-- ------------- -------------- ------------------- -------------------

‘Revenant’ emotionally stunted epic – DiCaprio plays an avenging 19th century frontiersman

This post has been read 6212 times!

This photo provided by Warner Bros Pictures shows Chris Hemsworth as Owen Chase in a scene from the film, ‘In the Heart of the Sea’. The movie opens in US theaters on Dec 11. (AP)
This photo provided by Warner Bros Pictures shows Chris Hemsworth as Owen Chase in a scene from the film, ‘In the Heart of the Sea’. The movie opens in US theaters on Dec 11. (AP)

Few prestige directors have so fully committed to the notion of cinema as an endurance test as Alejandro G. Inarritu, and he pushes himself, the audience and an aggrieved 19th-century frontiersman well beyond their usual limits in“The Revenant.” Bleak as hell but considerably more beautiful, this nightmarish plunge into a frigid, forbidding American outback is a movie of pitiless violence, grueling intensity and continually breathtaking imagery, a feat of high-wire filmmaking to surpass even Inarritu and d.p. Emmanuel Lubezkis work on last years Oscar-winning“Birdman.” Yet in attempting to merge a Western revenge thriller, a meditative epic in the Terrence Malick mold, and a lost-in-the-wilderness production of near-Herzogian insanity,“The Revenant” increasingly succumbs to the air of grim overdetermination that has marred much of Inarritus past work: Its an imposing vision, to be sure, but also an inflated and emotionally stunted one, despite an anchoring performance of ferocious 200 percent commitment from Leonardo DiCaprio.

Hard to recognize though he may be under so much blood, grime and unwashed mountain-man mane, DiCaprio will boost the commercial prospects of Foxs not-so-merry Christmas Day release, which will lean heavily on its award-friendly pedigree to overcome audience resistance to its considerable length and extreme carnage. While the many, many acts of human and animal savagery are doled out judiciously over the 156-minute running time, theyre attenuated to a brutal, can-you-top-this degree, captured in the long, unbroken takes that have become Inarritu and Lubezki’s visual signature (though minus the one-shot digital gimmickry of “Birdman”). The result is a film of robust, overwhelming physicality, filled with striking passages of pure cinema, yet ultimately in thrall to a crude, self-admiring sensibility that keeps catharsis at bay.


The film was adapted by Inarritu and Mark L. Smith from Michael Punkes 2002 fact-based novel, which is set in 1823-24 in the territories that now make up the Dakotas, Montana, Wyoming and Nebraska. While the film never specifies exactly where and when it’s taking place (shooting took place in Canada and Argentina), it faithfully centers around a fictionalized version of Hugh Glass (DiCaprio), a real-life man of the West who works for the Rocky Mountain Fur Co, skillfully guiding beaver trappers deep into hostile terrain. Theirs is a life of hard work, scarce rations and frequent peril, as we witness firsthand when the men are attacked without warning by Arikara warriors. The film establishes its stylistic approach immediately in this harrowing early sequence, beginning with a single unbroken shot in which tension mounts by the second, only to be relieved by the arrow that comes hurtling out of nowhere to connect with a mans throat.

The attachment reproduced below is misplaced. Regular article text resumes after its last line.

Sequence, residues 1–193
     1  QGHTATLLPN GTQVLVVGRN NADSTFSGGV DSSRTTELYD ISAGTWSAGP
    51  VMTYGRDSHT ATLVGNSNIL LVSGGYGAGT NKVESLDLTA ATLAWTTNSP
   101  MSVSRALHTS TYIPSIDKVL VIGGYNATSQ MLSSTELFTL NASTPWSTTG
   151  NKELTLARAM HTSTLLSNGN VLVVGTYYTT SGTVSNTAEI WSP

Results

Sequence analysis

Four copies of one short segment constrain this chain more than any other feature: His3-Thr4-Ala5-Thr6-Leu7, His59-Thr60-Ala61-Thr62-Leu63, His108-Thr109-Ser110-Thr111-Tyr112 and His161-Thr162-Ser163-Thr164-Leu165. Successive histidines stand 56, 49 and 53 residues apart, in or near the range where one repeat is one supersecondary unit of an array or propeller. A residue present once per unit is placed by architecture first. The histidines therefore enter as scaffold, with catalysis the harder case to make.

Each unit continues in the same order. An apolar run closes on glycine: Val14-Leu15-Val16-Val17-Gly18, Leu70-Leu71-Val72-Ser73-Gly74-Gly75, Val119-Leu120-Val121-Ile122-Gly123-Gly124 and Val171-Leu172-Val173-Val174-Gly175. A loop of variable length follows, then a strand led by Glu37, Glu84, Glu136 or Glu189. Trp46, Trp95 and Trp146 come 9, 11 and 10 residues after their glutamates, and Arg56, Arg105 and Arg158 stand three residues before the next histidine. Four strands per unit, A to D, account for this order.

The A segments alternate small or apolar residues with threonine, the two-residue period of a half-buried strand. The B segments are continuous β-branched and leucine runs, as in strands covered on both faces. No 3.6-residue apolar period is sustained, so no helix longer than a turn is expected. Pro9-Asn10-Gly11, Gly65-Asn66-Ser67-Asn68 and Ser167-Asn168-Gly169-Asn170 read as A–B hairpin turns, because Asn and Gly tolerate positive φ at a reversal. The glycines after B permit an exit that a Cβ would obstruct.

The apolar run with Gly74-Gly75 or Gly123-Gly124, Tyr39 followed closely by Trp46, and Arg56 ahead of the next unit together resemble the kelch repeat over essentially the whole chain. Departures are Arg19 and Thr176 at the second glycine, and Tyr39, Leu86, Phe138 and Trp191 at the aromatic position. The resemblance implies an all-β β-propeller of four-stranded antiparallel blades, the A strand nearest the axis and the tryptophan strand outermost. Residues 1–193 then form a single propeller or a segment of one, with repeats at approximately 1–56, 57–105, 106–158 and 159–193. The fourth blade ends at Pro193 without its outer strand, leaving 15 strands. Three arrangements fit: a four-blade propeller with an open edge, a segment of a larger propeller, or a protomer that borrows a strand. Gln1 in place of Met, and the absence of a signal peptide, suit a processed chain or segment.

As the surviving trappers flee with whatever pelts they can salvage, we feel not just ambushed but surrounded by the attackers lurking just off screen, by the dense trees looming in Lubezki’s deep-focus compositions, and perhaps most of all by the astonishing sound design, which transforms the music of babbling brooks, rustling trees, thunderous hoofbeats, falling bodies and anguished screams into a wild symphony of woodland chaos. These sounds will be joined, in due course, by Ryuichi Sakamoto and Alva Noto’s artfully modulated, never-repetitive score, which begins as a series of low, synth-like rumbles that gather melodic force and power as the film progresses.

In short,“The Revenant” must be appreciated first and foremost as a sensory and aesthetic marvel, a brutal hymn to the beauty and terror of the natural world that exerts a hypnotic pull from the opening frame. Its deficiencies as a human drama and a metaphysical meditation will take a bit longer to emerge. Glass is traveling with his teenage son, Hawk (Forrest Goodluck), a descendant of the Pawnee tribe on his mothers side, and the two regard each other with an understandably fierce protectiveness. The other trappers, led by the principled Capt Andrew Henry (Domhnall Gleeson), prove respectful enough of father and son, with the singular exception of John Fitzgerald (Tom Hardy), a nasty never-do-well who makes no secret of the fact that his commitment to the party’s mission is purely mercenary.


And so there’s trouble afoot even before Glass ventures out alone and is mauled by a mammoth grizzly bear, in what must surely be the most squirmingly visceral scene of an animal attack on a human committed to the screen, all the more realistic and protracted for being shot in a single take. Glass kills the bear, but not before it all but kills him, leaving horrific wounds in his chest, back and throat, and rendering him unable to speak or walk. The arduous task of carrying the injured party over the rocky and eventually snowy terrain soon threatens the partys safety, and it’s decided that Glass will be left behind with Hawk, Fitzgerald and a young man, Jim Bridger (Will Poulter, excellent), so that he can receive a proper burial when he inevitably dies. (RTRS)

By Justin Chang

Check Also

‘Turning Leo to Glass challenging’ – How ‘Revenant’ hair, make-up team transformed DiCaprio

This post has been read 6213 times!LOS ANGELES, Feb 17, (RTRS): Among the 12 Oscar …